The Deadline Day Anti-Climax

How many hours have we football fans wasted this past month?  Cumulatively – taking into account how long we spent scouring the papers, staring at Sky Sports News or following links to dodgy websites – the figure must be in the millions.  Such is life with football’s transfer window.

Before the window opened I attempted to round up all of the gossip circling England’s biggest clubs, to assess what the impact of the prospective transfers might be on the competition at the top of the Premier League.  It turned out to be something of a hypothetical exercise, because at the end of the window most of the contenders are more or less where we left them.

Arsenal were linked with more players than any other club before the window, with targets covering almost every position.  With the club having fallen behind even neighbours Tottenham in the title race, the speculation suggested that Arsene Wenger’s usual prudence was going to be abandoned.  In fact Wenger did pull of the biggest coup of the window, but it cost him no money at all: bringing back Thierry Henry to the club in a short-term loan from New York Red Bulls. Despite Henry’s stunning impact on his second debut for the club, results have continued to be poor and fans increasingly frustrated.  Arsene needs to learn nostalgia is no substitute for cold, hard cash.

Chelsea have been more active, although still far less than anticipated. Andre Villas-Boas offloaded Nicolas Anelka to Shanghai Shenhua, but ignored Carlo Ancelotti’s advice to dispense with Didier Drogba, too.  Two rumoured arrivals did become reality – Gary Cahill from Bolton and Kevin De Bruyne from Genk – alonsgide Lucas Piazon from Sao Paolo and Patrick Bamford from Nottingham Forest – but a range of others did not.  Interestingly, with last January’s £50 million purchase Fernando Torres still misfiring, AVB spent no more than £7 million on any one of his new recruits.

Kenny Dalglish mush have had his confidence knocked following the less-than-stellar performances of his summer recruits so far – freebie Craig Bellamy aside – because he restricted himself to two new players recruited from the lower leagues: Jordan Ibe from Wycombe and Danny Ward from Wrexham.  The biggest story at Anfield has been the possible departure of Andy Carroll, which was probably only prevented by a lack of suitors.  Carroll did manage to bag a goal during the window to show what he could offer, but unfortunately left it until the evening of deadline day, a little late to entice anyone to come in for him.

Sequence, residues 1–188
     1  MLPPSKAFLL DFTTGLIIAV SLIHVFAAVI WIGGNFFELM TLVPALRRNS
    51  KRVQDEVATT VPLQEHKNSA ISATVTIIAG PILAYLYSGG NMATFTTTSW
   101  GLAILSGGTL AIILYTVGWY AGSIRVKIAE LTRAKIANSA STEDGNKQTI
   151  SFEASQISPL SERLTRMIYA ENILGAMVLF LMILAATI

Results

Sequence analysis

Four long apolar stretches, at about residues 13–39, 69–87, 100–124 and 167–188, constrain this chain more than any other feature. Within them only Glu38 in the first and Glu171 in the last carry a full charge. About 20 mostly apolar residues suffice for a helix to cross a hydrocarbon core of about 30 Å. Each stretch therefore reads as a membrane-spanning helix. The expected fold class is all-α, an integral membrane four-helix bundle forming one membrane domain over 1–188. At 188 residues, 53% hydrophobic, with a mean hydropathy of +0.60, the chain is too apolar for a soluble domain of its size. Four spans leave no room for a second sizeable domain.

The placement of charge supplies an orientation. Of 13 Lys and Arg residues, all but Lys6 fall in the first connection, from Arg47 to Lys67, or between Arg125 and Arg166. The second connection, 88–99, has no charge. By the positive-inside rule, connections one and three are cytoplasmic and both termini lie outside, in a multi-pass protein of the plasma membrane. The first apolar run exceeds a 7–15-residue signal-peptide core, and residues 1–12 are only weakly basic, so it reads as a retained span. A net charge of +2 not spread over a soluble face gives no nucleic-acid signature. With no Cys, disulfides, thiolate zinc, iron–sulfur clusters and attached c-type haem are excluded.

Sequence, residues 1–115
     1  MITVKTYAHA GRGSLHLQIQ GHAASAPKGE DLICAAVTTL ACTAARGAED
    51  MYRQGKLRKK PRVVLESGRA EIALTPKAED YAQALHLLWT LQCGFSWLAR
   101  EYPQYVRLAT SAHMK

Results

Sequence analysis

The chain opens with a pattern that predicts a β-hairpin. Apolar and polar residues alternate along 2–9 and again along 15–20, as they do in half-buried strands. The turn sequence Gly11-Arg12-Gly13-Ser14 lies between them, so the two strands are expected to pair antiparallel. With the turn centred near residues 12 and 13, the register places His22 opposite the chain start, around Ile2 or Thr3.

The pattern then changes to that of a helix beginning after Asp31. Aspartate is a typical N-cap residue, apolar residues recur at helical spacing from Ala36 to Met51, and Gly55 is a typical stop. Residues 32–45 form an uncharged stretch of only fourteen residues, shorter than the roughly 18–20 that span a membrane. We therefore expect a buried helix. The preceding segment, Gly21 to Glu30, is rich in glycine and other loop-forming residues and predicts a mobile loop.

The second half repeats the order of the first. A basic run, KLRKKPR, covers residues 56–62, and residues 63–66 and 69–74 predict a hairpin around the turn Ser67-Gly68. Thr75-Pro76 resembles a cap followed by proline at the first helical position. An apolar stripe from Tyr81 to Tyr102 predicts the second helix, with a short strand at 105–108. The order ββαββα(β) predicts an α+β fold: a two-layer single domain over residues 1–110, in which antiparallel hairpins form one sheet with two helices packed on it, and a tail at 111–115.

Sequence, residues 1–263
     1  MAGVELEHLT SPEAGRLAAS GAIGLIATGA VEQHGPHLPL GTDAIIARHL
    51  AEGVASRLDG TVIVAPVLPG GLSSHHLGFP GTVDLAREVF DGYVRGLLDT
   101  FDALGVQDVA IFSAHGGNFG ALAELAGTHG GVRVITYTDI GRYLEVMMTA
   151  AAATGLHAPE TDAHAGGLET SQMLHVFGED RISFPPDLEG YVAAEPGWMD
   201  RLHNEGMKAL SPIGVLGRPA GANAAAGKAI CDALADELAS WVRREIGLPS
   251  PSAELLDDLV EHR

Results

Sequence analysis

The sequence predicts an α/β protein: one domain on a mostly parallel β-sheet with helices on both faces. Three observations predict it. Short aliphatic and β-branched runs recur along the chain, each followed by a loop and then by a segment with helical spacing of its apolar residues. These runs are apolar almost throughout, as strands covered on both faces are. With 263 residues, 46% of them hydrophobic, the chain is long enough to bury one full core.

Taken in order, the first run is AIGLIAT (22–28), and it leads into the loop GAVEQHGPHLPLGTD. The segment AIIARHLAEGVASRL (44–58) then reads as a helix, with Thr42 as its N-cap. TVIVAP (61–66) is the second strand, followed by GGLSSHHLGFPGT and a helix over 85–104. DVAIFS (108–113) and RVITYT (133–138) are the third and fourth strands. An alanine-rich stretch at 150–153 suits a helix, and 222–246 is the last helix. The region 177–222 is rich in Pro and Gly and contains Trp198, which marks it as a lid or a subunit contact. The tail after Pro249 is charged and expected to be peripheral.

Newcastle, still the most likely destination for Carroll if he does leave Anfield, decided to spend their money elsewhere.  Their rumoured targets were Auxerre’s Alain Traore and Montpellier’s Olivier Giroud, suggesting Alan Pardew’s ‘buy French’ policy was going to continue.  This has been borne out to some extent, as they added Papiss Demba Cissé – from French-speaking Senegal and having spent most of his career in France – to their attack for £10 million.

Another departure story dominated Manchester City’s transfer window, as expected. Carlos Tevez flirted with Inter and Paris St. Germain, and even had dinner with AC Milan, but none proved willing to match City’s demands for a permanent £25 million transfer. Towards the end of the month we even heard some rather far-fetched reports that he would be returning to Championship West Ham or reuniting with Mark Hughes at QPR.  In the end he stayed at the Etihad Stadium, or rather he stayed in Buenos Aires while remaining a contracted employee of the club based at the Etihad Stadium.  City have misplaced their goalscoring touch to such an extent in recent games – with Edin Dzeko lacking form and Mario Balotelli common sense – Roberto Mancini may now even be reconsidering inviting Tevez back into the fold.  But I doubt it.

The question mark hanging over Manchester United going into the window was whether Alex Ferguson was going to buy a much-needed replacement for Paul Scholes.  The candidates were Rasmus Elm of AZ Alkmaar, Christian Eriksen of Ajax, and Inter’s Wesley Sneijder.  In the end Fergie must have decided the simplest way to replace Scholes was to simply get Scholes back, and tempted him out of retirement.  Expect the speculation to mount again in toward the summer.

Finally, it was Tottenham that pulled off the biggest surprise of the window, and one nobody saw coming.  It wasn’t exactly of Robinho proportions, however, as Harry “the accused” Redknapp brought in striker Louis Saha from Everton.  How a player deemed surplus to requirements at mid-table Everton can offer much to high-flying Spurs is anyone’s guess.  Although with Roman Pavyluchenko having left for Lokomotiv Moscow – confirmed late as the Russian transfer window is open for another few weeks – they have ended up in credit.